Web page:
Judge Strikes Down Wisconsin Collective Bargaining Law

Several months after putting the law on hold, a trial court Judge in Wisconsin has struck down the Badger State’s new collective bargaining law because the legislature failed to comply with the Open Meetings Law while debating it:

Wisconsin’s law taking away nearly all collective bargaining rights from most public workers was struck down Thursday by a circuit court judge but the ruling will not be the final say in the union fight that brought tens of thousands of protesters to the Capitol earlier this year.

The state Supreme Court has scheduled arguments for June 6 to decide whether it will take the case and Republicans who control the Legislature could also pass the law a second time to avoid the open meeting violations that led to the judge’s voiding the law Thursday.

Gov. Scott Walker pushed for the law as a way to help balance the state budget. His spokesman had not seen the ruling and had no immediate comment. Spokesmen for Republican leaders in the Legislature also did not immediately return messages seeking comment.

Walker and Republican leaders have said they would pass the law again as part of the state budget next month if necessary.

Of course, doing so would likely reignite the public debate and protests we saw earlier this spring, and might even cause the Senate Democrats to skip out of town once again to prevent the body from reaching a quorum. Additionally, there are not several Senate Republicans facing recall elections later this year because of the movement that grew to protest this law and any effort to bring this issue back before the legislature is likely to cause them problems come election time.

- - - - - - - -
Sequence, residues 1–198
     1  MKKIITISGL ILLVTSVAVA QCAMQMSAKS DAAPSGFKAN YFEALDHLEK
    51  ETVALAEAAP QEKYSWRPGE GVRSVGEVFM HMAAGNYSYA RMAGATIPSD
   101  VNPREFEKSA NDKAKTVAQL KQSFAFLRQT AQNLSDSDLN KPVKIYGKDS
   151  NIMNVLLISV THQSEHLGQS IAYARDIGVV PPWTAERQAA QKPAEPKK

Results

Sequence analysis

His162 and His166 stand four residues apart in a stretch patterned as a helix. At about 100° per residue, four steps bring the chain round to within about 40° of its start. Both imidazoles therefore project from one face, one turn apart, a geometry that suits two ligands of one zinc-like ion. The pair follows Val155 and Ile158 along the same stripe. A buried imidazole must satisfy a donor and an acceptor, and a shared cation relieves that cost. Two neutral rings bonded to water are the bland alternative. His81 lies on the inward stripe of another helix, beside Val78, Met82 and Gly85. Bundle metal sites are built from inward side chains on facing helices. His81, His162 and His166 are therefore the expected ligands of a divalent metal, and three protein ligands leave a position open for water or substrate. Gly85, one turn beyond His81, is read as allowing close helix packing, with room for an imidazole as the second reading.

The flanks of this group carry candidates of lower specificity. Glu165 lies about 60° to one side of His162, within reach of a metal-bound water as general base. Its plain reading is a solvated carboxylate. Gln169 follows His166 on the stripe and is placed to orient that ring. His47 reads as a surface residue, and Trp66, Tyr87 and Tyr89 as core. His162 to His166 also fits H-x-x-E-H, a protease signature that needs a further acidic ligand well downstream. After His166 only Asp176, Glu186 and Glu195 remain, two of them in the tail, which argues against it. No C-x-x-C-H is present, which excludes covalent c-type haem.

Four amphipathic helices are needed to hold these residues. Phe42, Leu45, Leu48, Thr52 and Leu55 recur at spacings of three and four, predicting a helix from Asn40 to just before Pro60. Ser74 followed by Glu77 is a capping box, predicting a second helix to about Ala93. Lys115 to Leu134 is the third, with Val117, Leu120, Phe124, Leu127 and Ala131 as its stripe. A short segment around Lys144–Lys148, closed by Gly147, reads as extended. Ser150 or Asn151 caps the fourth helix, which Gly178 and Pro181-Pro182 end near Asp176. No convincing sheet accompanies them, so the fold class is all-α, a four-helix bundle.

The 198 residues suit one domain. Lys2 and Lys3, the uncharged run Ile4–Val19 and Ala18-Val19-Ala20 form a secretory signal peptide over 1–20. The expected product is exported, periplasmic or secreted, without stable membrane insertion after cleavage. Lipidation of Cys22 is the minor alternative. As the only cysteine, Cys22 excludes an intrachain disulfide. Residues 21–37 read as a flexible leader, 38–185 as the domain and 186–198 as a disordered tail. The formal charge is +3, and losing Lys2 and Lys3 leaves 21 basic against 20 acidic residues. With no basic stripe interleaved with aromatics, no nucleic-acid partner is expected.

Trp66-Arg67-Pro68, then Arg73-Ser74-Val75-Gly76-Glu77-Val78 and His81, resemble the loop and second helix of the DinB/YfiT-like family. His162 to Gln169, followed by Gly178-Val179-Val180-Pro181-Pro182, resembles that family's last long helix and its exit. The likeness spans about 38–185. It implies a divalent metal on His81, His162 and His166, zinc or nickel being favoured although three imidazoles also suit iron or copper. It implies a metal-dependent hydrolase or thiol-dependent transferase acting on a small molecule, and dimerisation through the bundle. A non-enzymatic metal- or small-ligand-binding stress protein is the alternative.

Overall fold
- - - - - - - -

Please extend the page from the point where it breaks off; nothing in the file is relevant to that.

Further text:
Not being at all versed in Wisconsin law, I’m not going to comment on the merits of Sumi’s decision. However, it is worth noting that the decision does point out again the importance of the recently concluded race for Wisconsin Supreme Court. While there’s no guarantee that Justice Prosser will vote to uphold the law, he does seem more inclined to do so than MaryAnn Kloppenberg would have been. As always, stay tuned.

Update: Here’s a discussion between Wisconsin radio host Charlie Sykes and Marquette University Law Professor Rick Esenberg discussing the ruling, it’s legal merit or lack thereof, and where the case goes from here.

In the meantime, here is the text of the opinion:

Wisconsin et al v. Fitzgerald et al

 

FILED UNDER: Labor Unions, Law and the Courts, Quick Takes, US Politics, ,
Doug Mataconis
About Doug Mataconis
Doug holds a B.A. in Political Science from Rutgers University and J.D. from George Mason University School of Law. He joined the staff of OTB in May 2010 and contributed a staggering 16,483 posts before his retirement in January 2020.

Comments

  1. Herb says:

    However, it is worth noting that the decision does point out again the importance of the recently concluded race for Wisconsin Supreme Court.

    Maybe…but it seems to me that if the law clearly says “You must do X before holding a vote” and the X part never happened, then even a judge sympathetic to the Walker position would have to rule against it.

    Here’s a document which explains how to comply with the Open Meeting law